Angus Beef Stew 9 Hearty Beef and Barley Stew

Beef and Barley Stew
 
Prep time
Cook time
Total time
 
:
Serves: 6
Ingredients
  • 2½ pounds Certified Angus Beef® sirloin tip, cut into ¾ inch cubes
  • 1 pound crimini or button mushrooms, cleaned and quartered
  • 2 cups fresh spinach, chopped
  • 3 cloves garlic, minced
  • 1 tablespoon tomato paste
  • 2 teaspoons fresh thyme or 1 teaspoon dried
  • 2 teaspoons fresh oregano or 1 teaspoon dried
  • 2 tablespoons extra virgin olive oil, divided
  • 1 large onion, diced
  • 1 large carrot, diced
  • 1 stalk celery, diced
  • 1 cup pinot noir
  • 3½ cups beef stock
  • 1 large bay leaf
  • 1 teaspoon salt
  • ½ cup quick cooking barley
  • ½ cup flat leaf parsley, chopped
Instructions
  1. Pat the beef cubes dry with a paper towel and season with salt.
  2. Heat one tablespoon of the oil in a large Dutch oven over medium-high heat and sear the beef cubes on all sides, working in batches so as to not overcrowd. Use a slotted spoon to remove the beef and set aside.
  3. Heat the remaining tablespoons of olive oil and add the onion, carrot and celery to the Dutch oven. Cook for 5 minutes. Add the mushrooms, spinach, garlic and herbs and cook for another minute. Add the wine, beef broth, tomato paste, bay leaf, salt and stir to combine.
  4. Two cooking methods: Preheat the oven to 450 degrees F. Cover the Dutch oven and cook on the lowest rack for 40 minutes OR bring to a boil on the stove top, cover, reduce the heat to low, and simmer for an hour.
  5. While the stew is cooking, add the barley to the water in a medium pot, bring to a boil, reduce the heat to medium, and cook for 10 minutes or until tender. Drain.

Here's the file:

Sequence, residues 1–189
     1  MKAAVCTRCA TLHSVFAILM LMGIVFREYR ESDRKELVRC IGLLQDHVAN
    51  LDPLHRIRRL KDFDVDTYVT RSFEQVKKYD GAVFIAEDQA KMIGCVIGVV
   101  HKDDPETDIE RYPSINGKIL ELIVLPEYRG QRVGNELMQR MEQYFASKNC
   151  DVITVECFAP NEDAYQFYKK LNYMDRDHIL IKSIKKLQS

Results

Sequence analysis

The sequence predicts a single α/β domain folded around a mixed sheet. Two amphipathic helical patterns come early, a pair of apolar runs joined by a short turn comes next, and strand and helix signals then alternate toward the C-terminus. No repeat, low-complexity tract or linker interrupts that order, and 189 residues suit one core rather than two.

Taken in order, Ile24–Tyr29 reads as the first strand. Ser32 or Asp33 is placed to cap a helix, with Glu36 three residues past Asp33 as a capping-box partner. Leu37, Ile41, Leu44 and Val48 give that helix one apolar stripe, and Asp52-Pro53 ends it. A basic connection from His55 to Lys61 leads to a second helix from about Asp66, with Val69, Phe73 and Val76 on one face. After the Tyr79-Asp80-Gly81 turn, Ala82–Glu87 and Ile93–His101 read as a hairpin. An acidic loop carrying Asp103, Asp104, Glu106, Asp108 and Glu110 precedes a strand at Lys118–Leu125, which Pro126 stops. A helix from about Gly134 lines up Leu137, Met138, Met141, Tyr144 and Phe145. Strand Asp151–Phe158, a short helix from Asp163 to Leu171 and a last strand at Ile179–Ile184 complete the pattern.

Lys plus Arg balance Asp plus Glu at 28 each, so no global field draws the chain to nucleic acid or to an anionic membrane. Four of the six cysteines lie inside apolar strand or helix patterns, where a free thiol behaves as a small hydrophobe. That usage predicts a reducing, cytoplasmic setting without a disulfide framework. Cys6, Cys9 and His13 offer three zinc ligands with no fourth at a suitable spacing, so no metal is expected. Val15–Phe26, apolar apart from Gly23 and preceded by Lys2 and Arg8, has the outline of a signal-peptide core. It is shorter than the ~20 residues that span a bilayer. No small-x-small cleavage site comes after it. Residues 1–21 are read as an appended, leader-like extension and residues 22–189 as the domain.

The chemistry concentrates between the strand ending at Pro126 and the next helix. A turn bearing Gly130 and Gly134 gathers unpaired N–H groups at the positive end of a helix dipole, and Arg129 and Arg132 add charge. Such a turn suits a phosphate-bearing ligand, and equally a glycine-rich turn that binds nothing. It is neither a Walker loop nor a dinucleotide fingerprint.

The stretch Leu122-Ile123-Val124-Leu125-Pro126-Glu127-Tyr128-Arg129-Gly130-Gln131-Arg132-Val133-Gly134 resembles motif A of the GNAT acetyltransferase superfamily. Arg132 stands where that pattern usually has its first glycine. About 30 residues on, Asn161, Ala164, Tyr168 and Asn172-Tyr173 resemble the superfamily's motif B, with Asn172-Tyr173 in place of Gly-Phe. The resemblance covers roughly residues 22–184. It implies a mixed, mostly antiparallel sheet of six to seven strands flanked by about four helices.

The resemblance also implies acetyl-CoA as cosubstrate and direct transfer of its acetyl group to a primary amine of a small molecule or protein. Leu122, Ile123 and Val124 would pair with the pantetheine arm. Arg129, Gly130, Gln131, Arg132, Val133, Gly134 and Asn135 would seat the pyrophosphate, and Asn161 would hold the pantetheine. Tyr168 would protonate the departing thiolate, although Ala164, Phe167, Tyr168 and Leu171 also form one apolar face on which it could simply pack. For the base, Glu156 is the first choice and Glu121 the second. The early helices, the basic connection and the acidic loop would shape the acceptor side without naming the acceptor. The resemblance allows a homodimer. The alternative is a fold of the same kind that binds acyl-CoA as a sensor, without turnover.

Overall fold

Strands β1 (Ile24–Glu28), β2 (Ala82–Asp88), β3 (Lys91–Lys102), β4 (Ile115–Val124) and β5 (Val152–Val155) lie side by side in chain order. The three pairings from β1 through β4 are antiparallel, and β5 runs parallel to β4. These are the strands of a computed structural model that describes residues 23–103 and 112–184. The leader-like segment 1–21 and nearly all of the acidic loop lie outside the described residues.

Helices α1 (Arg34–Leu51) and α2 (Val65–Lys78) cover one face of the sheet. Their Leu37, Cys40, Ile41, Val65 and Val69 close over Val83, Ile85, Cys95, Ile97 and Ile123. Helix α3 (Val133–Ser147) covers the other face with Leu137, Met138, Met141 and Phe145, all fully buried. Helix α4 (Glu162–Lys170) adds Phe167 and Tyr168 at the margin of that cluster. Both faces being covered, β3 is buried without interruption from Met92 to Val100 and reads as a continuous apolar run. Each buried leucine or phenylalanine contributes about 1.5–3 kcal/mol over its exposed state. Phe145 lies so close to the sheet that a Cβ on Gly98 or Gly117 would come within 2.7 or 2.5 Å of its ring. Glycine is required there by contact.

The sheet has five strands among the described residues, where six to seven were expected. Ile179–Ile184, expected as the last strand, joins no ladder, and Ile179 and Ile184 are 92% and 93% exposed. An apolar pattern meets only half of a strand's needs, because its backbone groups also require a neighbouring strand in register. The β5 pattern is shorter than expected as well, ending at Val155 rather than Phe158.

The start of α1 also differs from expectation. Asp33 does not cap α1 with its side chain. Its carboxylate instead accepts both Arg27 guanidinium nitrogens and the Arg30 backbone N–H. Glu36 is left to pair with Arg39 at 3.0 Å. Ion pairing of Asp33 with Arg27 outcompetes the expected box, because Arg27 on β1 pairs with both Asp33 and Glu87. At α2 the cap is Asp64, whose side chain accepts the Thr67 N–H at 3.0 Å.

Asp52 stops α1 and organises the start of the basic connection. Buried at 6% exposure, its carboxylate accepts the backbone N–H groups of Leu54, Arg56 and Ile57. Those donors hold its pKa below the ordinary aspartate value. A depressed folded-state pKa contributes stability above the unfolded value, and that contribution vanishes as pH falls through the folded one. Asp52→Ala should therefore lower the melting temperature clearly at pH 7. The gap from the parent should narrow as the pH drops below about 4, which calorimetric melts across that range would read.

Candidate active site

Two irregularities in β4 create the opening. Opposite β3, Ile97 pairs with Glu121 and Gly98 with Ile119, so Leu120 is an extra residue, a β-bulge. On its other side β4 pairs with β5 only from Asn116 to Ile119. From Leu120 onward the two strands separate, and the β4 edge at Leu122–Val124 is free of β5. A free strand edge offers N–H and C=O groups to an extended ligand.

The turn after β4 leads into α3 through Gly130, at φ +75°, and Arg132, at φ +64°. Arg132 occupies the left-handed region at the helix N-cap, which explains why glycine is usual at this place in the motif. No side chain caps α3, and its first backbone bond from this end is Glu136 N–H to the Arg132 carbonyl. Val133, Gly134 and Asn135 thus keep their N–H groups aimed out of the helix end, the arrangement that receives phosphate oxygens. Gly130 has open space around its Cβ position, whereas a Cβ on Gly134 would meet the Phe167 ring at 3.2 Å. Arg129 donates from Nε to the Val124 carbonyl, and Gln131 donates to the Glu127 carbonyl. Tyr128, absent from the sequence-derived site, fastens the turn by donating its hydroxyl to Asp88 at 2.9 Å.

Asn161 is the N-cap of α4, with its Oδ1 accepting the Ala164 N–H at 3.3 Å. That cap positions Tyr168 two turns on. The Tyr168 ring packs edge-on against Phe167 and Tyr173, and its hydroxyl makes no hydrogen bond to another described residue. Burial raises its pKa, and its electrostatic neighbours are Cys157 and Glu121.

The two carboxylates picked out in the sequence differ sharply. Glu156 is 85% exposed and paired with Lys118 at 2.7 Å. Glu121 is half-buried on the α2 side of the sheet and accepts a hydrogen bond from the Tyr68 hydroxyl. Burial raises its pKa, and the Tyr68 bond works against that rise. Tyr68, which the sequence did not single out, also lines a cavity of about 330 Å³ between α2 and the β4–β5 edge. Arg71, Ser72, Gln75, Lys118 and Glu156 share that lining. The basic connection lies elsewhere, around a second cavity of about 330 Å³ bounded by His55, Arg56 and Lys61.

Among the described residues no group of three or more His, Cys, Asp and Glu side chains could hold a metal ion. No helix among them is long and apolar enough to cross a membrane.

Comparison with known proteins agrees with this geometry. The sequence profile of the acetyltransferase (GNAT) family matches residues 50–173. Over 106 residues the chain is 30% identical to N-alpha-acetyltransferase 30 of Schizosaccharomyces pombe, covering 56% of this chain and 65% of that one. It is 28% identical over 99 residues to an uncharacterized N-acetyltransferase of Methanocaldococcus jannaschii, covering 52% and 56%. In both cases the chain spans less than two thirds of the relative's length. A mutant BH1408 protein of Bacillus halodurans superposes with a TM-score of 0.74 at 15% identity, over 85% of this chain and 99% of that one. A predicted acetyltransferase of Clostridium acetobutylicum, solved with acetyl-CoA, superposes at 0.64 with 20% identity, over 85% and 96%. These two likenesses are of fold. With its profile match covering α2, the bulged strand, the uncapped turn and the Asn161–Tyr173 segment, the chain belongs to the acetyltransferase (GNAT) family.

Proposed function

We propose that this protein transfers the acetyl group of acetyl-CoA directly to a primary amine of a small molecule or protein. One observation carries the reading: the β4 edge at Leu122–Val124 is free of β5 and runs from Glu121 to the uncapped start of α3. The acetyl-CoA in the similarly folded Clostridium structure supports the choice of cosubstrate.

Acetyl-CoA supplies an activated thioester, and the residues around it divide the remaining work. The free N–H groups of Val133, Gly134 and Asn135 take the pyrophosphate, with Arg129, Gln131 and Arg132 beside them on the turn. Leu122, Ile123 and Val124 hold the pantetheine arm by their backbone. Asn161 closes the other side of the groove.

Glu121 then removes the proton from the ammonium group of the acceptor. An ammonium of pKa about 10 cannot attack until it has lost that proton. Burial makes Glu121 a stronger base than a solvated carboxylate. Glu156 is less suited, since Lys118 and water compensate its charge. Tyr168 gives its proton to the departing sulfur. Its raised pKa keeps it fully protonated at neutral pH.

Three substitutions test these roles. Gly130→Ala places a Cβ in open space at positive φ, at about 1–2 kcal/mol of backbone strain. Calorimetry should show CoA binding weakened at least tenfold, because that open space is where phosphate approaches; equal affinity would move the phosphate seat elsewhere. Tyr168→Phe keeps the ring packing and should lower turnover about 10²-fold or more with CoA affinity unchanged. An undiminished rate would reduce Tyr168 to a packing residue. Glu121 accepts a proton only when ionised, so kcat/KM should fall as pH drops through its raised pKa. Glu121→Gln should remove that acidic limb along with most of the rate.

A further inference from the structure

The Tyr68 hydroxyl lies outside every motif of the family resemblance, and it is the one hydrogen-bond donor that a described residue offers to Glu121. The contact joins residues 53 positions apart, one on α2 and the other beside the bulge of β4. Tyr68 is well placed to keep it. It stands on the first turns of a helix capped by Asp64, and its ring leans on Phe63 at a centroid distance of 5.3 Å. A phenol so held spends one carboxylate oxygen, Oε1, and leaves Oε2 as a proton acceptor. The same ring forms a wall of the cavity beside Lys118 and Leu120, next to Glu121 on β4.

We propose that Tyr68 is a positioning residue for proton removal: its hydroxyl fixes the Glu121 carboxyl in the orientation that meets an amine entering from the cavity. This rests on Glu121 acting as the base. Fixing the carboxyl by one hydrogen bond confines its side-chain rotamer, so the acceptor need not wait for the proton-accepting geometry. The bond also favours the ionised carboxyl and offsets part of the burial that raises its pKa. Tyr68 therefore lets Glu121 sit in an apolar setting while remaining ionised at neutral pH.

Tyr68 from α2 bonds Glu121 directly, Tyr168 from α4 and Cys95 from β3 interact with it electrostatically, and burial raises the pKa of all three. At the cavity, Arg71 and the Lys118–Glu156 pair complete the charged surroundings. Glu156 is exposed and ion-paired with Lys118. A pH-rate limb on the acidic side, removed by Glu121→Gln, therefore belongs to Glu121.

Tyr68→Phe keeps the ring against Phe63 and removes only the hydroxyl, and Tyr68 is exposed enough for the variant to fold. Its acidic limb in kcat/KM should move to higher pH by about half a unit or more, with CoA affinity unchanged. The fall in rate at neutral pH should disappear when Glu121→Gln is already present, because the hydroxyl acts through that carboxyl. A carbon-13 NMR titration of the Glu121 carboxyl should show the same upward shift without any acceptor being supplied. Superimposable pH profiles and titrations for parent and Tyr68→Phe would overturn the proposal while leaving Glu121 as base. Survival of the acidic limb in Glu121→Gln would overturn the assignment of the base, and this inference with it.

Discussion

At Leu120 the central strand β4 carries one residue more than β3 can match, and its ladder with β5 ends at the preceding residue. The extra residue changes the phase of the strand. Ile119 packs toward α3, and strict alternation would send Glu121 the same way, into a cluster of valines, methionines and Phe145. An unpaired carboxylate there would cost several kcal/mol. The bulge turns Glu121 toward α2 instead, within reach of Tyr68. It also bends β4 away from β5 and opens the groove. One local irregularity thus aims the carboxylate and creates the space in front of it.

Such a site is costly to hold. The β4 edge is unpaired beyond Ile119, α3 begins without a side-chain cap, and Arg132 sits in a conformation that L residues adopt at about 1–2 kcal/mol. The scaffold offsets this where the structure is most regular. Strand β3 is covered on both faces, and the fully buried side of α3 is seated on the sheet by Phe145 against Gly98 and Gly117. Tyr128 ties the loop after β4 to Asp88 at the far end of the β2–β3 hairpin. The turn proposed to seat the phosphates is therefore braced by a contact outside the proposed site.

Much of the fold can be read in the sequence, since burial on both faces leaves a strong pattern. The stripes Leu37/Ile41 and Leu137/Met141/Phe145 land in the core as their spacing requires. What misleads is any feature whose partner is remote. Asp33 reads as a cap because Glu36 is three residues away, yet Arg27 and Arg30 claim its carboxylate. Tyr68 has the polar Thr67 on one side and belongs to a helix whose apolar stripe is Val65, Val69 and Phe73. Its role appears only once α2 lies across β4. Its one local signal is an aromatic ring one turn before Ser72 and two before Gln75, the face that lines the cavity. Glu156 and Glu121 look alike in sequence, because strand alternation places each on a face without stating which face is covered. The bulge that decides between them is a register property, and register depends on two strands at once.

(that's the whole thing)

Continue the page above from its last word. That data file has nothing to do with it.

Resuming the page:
6. Add the barley to the stew and continue to cook for at least 10 more minutes, preferably up to an hour. The longer the stew cooks the more tender the beef and flavorful the stew will be. Add salt and pepper to taste.
  7. Serve the stew garnished with fresh parsley.

Adapted from Vikki Krinsky’s Beef Stew With Barley

13 Responses

  1. Brandy

    wrote on

    Looks and sounds delicious! I’m going to make it soon. Good luck with both your entries. I’m looking forward to the next beef stew recipe. Quick question: I have never seen a stew recipe that contained chopped spinach–do you think it enhances the flavor or do you add it for other reasons?

    • The Daring Gourmet

      wrote on

      Hi Brandy, thanks! The spinach primarily adds nutrition and color. You will love the stew just as much without it.

  2. linda abrams

    wrote on

    have you ever added the barley directly to the stew and let it cook in the stew

    • The Daring Gourmet

      wrote on

      Linda, that’s actually what I always do – this time was the only exception. You can absolutely add the barley directly to the stew, just add a little extra liquid so that it doesn’t become too thick.

      • linda abrams

        wrote on

        thanks! Trying it now!

        • The Daring Gourmet

          wrote on

          That’s great, Linda, I hope you enjoy it!

  3. wrote on

    I’m from Boston. What do you mean by “Sirloin Tip”? Ours doesn’t look like that…..never a roast cut. Ours is “Sirloin Flap”. I’ve also seen California “Sirloin Tip Roast”. Yours doesn’t look like that either. So…..I’m confused……and I certainly know how much difference the cut of beef can make to a recipe.

    • Kimberly @ The Daring Gourmet

      wrote on

      Hi Heather! Google “sirloin tip” and check out the second link (“the meat source”). You’ll see a picture of the same cut as well as some different terms that are used for the cut depending on which region of the U.S. you live in. Happy cooking!